Dumb Computer! Why Chatbots are Offended

Dumb Computer! Why Chatbots are Offended

In contrast to a neutral chatbot, the intensity of aggressive behavior is reduced with a more human chatbot.

Virtual assistants, chatbots, have become an integral part of many company websites and are becoming increasingly important. A study by TU Dresden has investigated whether errors made by chatbots lead to aggressive behavior among their users and what influence the supposed humanity of the virtual assistants has on the reactions.

Aggression towards digital conversation partners

Chatbots are supposed to make it easier for internet users to find the information they need quickly by responding directly to questions and requests. However, the reactions to a chatbot are by no means always positive, says Professor Alfred Benedikt Brendel from TU Dresden. “If a chatbot gives incorrect or confusing answers, this can trigger aggression towards the digital conversation partner among users,” explains the holder of the Chair of Business Informatics. In the worst case scenario, aggression towards the virtual assistant, including verbal abuse, can also have other negative effects – for example on the user’s attitude towards the website or the provider itself.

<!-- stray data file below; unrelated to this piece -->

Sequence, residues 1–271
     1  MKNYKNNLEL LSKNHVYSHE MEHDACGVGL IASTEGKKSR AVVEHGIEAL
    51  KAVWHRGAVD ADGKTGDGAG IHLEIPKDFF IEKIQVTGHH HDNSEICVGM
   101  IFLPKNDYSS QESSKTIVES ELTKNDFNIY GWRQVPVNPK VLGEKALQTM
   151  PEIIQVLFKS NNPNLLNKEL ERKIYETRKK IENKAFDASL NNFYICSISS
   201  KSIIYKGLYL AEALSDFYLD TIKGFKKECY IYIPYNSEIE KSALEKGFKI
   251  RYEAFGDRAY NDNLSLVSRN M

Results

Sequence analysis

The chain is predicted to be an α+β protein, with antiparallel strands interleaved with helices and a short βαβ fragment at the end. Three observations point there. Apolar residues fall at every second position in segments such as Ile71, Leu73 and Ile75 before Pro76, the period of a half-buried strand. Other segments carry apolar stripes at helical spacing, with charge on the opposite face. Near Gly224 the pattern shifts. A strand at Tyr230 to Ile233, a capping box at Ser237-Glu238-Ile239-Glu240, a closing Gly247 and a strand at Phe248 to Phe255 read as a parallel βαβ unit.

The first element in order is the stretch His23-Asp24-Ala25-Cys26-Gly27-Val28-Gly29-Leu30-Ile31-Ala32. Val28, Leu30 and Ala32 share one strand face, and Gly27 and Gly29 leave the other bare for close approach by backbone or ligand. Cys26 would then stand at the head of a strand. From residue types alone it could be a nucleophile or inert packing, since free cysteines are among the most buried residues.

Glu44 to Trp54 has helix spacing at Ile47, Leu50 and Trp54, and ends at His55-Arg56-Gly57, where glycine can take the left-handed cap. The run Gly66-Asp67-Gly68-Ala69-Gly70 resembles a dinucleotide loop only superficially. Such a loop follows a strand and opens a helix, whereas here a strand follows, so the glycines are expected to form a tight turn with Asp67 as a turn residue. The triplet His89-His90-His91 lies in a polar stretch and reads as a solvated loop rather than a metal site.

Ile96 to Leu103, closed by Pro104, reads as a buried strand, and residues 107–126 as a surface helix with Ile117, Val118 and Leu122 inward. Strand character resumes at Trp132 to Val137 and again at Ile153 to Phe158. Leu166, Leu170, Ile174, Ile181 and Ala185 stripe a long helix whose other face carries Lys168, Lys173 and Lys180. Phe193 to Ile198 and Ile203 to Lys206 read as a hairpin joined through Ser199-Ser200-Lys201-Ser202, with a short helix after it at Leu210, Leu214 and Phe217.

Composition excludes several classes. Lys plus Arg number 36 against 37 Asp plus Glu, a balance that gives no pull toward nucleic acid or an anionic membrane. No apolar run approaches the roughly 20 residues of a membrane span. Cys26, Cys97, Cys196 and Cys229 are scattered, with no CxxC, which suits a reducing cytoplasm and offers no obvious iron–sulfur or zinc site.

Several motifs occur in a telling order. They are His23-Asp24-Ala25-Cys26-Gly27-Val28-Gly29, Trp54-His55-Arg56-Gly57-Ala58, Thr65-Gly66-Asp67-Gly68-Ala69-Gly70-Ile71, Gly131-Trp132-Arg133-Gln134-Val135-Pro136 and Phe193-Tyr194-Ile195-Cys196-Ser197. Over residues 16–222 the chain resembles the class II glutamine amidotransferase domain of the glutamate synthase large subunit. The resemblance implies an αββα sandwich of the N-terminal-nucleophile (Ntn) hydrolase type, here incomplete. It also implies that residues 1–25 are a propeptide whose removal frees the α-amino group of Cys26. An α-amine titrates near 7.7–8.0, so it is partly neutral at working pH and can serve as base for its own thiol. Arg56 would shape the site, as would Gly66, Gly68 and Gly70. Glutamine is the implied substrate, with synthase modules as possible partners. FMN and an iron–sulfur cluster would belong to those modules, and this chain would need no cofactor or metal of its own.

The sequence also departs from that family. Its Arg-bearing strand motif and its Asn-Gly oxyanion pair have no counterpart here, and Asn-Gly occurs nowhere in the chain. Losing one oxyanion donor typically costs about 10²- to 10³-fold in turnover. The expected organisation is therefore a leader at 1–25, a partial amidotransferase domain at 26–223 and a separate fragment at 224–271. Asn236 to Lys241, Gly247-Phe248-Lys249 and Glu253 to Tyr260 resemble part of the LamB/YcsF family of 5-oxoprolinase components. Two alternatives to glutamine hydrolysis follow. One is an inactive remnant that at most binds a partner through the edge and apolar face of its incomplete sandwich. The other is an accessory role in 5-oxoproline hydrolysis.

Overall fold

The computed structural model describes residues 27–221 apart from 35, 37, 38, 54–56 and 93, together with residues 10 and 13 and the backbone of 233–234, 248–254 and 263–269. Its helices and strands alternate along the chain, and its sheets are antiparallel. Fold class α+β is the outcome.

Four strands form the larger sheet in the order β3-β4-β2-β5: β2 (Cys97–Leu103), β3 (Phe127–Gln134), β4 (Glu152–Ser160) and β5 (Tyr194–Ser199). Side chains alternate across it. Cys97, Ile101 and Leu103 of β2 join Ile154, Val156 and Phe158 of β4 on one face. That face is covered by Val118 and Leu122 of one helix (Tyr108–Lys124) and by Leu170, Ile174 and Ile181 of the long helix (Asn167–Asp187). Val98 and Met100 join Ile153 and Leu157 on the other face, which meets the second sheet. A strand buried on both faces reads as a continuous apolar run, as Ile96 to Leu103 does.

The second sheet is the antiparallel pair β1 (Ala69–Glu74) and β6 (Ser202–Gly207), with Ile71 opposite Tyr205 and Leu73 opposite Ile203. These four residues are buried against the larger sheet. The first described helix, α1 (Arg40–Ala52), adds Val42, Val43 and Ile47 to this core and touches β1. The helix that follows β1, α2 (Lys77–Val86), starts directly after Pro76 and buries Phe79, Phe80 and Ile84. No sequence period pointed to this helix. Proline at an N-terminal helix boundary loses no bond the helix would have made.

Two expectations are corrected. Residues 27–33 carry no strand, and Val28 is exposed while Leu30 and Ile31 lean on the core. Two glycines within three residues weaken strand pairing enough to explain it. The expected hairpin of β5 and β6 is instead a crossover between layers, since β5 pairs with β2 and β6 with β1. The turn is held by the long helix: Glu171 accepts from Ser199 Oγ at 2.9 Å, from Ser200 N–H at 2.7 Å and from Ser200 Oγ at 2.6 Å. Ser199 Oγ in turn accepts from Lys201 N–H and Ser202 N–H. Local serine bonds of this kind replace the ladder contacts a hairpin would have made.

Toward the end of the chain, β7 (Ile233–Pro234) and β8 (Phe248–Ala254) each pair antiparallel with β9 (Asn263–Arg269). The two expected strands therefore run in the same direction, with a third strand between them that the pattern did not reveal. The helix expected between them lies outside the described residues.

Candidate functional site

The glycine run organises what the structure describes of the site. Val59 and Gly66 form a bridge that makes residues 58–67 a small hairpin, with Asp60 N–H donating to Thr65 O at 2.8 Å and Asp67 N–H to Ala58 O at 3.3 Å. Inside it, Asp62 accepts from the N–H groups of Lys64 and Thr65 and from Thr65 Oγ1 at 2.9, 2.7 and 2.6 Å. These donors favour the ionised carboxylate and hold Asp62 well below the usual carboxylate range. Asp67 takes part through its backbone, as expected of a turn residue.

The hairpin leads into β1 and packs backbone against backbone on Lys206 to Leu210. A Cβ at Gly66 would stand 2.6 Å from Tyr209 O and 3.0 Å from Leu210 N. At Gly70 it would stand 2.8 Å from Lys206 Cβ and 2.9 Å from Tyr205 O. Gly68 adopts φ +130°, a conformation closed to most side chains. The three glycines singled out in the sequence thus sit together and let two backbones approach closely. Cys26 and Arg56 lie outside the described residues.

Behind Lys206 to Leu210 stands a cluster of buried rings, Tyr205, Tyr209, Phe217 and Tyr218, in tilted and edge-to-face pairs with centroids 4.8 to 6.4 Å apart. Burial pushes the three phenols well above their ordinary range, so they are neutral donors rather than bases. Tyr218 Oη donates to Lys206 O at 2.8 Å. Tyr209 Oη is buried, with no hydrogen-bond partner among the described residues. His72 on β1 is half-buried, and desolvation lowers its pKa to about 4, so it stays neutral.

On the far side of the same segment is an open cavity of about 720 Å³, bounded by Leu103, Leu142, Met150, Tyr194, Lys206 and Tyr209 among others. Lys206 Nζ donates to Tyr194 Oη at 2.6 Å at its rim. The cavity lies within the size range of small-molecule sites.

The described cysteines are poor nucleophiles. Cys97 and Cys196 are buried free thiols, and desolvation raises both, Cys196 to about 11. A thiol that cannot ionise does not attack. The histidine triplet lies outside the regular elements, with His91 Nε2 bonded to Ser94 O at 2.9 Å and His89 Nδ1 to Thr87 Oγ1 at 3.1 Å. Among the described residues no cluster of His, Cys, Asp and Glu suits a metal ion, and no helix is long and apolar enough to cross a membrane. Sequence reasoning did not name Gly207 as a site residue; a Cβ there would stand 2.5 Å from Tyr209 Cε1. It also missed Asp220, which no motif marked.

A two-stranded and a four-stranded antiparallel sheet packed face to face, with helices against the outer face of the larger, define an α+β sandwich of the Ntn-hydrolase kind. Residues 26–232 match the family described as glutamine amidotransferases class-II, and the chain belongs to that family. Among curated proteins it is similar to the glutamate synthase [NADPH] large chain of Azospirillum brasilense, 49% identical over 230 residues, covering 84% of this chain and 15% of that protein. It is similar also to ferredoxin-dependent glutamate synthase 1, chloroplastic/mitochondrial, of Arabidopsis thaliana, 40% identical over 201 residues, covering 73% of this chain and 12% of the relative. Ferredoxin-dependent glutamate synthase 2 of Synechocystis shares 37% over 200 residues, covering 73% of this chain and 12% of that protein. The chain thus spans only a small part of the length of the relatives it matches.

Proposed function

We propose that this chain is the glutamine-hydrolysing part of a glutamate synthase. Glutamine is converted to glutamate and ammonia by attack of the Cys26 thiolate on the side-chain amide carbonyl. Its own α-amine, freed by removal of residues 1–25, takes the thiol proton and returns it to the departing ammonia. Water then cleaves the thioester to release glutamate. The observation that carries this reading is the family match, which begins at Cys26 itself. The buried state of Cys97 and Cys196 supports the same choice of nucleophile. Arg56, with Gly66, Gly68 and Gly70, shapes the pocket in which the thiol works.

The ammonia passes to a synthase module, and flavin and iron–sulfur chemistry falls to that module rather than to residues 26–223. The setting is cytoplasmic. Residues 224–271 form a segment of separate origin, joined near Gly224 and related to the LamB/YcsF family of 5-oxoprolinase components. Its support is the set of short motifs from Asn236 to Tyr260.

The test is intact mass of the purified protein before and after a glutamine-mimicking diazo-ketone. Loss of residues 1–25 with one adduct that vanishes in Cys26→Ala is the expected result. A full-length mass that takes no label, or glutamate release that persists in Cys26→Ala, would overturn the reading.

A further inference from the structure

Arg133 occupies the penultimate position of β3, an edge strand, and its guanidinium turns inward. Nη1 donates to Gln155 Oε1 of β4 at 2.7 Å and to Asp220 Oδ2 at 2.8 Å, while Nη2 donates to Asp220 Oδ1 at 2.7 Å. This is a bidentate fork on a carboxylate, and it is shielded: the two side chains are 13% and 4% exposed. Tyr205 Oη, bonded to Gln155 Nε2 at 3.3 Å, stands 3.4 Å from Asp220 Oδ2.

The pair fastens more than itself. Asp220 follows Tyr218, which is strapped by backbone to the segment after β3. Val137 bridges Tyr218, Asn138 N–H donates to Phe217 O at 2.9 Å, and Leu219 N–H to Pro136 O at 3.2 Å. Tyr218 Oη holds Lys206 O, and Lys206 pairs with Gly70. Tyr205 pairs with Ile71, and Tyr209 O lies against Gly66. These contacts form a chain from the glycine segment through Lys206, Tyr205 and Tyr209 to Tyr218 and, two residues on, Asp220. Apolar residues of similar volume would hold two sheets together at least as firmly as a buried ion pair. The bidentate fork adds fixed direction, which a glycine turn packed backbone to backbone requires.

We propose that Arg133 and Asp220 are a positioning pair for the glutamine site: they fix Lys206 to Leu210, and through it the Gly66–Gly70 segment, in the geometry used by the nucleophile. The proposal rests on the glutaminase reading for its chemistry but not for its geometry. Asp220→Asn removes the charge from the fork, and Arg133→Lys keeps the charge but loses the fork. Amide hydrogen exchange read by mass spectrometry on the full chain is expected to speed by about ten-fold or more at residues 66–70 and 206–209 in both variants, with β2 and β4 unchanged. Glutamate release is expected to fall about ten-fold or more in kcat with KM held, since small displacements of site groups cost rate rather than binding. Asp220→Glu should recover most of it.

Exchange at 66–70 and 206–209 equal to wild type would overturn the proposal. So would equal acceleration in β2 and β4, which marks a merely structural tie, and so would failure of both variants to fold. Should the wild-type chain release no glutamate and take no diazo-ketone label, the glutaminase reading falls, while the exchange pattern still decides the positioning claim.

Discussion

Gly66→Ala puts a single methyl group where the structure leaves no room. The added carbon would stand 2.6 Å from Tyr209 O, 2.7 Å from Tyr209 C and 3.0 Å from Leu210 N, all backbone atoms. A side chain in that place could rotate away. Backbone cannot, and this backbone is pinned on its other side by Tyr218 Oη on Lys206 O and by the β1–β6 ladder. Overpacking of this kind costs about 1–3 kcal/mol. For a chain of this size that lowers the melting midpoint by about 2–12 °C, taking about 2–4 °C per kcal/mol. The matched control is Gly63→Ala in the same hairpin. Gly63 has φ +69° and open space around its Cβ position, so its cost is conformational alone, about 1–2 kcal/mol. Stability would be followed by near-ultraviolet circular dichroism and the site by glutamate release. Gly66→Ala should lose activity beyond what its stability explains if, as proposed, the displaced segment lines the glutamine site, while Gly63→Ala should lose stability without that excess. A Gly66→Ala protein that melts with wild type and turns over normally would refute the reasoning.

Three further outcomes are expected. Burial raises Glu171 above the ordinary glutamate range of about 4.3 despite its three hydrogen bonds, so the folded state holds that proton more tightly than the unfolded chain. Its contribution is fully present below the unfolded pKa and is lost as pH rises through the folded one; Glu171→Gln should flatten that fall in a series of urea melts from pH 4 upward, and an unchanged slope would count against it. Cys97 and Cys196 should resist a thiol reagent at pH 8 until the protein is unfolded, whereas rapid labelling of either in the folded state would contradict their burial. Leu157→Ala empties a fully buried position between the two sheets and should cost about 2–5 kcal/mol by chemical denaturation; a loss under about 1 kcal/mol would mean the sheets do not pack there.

In their study, the international research team led by Alfred Brendel investigated whether the design of chatbots has an influence on how users react to unsatisfactory responses. If a chatbot is provided with human attributes, it can be assumed that aggressive behavior occurs less frequently than with a neutrally designed chatbot. “In our experiments, some of the respondents used a human chatbot that was given a name, gender and picture. It answered questions in a very friendly manner and reinforced its messages with appropriate emojis.” In contrast, the neutral chatbot, with which another part of the study participants interacted, did not contain any such design elements.

Human chatbot increases satisfaction

The results of the study initially show that the human chatbot generally increases user satisfaction. This in turn also reduces the occurrence of frustration. However, contrary to the researchers’ original assumption, if a chatbot gives unsatisfactory answers, this also leads to frustration and aggression in a chatbot with human attributes. Overall, around ten percent of users show aggressive behavior towards the virtual assistants.

In contrast to a neutral chatbot, however, the intensity of aggressive behavior is reduced with a more human chatbot. For example, users were less likely to use offensive language when interacting with a human chatbot. The results have far-reaching consequences, especially in practice, explains Alfred Brendel. “I would recommend that software developers take a careful approach to human-like design and carefully consider the positive and negative effects that additional human-like design elements such as gender, age or certain names can have.”